Mixing Drums is Hard
Mixing drums is hard. At many live events, they sound somewhere between a cardboard box and a kids toy. But drums at a professional concert sound great. Not just good. Great. They are full, but they still leave room for everything else. They are punchy, but they don’t overwhelm the mix.
But most of our drum tones aren’t like that. They aren’t full, and they certainly aren’t punchy. They get lost in the mix or buried by the other instruments. No matter what you do, we just can’t get them to cut though.
And it’s not just about the way the drums sound. Good drums in a mix allow you to feel the music. They bring you into the music. It’s part of the experience. If you have bad drum sounds in your mix, it’s virtually impossible to get a good mix. They are that important.
The problem we see is that people often try and add to the drums. They try and boost certain frequencies – or maybe they don’t do any EQ at all. If you’re mixing a jazz band, maybe no EQ is fine. But for rock, pop, and most other forms of music, the drums need help.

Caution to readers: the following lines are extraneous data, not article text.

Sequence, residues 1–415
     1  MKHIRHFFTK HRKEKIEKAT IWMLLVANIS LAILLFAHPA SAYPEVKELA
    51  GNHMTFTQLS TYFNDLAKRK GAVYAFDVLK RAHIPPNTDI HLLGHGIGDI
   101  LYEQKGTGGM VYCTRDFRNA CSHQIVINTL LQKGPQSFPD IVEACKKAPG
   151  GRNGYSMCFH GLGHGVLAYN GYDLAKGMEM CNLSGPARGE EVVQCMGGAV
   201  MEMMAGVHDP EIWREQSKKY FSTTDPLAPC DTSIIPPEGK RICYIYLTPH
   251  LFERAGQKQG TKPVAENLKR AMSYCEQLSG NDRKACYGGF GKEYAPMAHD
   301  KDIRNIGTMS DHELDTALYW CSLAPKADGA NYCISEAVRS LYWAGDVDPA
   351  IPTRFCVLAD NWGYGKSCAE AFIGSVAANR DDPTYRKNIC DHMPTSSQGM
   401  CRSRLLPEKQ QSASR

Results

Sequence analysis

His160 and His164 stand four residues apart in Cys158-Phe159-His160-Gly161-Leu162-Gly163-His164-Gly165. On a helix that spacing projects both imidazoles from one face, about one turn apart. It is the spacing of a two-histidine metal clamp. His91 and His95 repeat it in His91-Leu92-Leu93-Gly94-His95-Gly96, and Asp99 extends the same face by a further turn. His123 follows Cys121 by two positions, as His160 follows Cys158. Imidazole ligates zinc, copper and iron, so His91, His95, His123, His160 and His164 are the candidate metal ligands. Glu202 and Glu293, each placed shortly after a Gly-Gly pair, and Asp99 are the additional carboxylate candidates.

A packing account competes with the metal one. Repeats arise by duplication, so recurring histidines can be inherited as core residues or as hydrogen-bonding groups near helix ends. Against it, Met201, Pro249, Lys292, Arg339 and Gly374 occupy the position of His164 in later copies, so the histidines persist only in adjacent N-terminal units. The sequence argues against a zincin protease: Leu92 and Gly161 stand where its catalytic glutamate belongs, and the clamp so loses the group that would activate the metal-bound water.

The secret is taking away. Using EQ, we can cut certain frequencies to emphasize different characteristics of each drum. And as we remove more frequencies, we also make space for the other instruments. Suddenly your mix fills full, complete, and engaging. The drums are punchy and full. Not by adding, but by taking away. With drums, less is more.
At Mixcademy, we show you how to make your mix shine. In fact, we’re giving away much of the drums section of the course for free. Over the next six days, we’ll send you six emails highlighting how to mix each individual part of the kit. At the end, you’ll have the knowledge you need to get punchy and full drums in your mix.
You can unsubscribe at anytime. And the course is completely free. What are you waiting for? Enter your email in the box, and start learning how to make your drums sound awesome.
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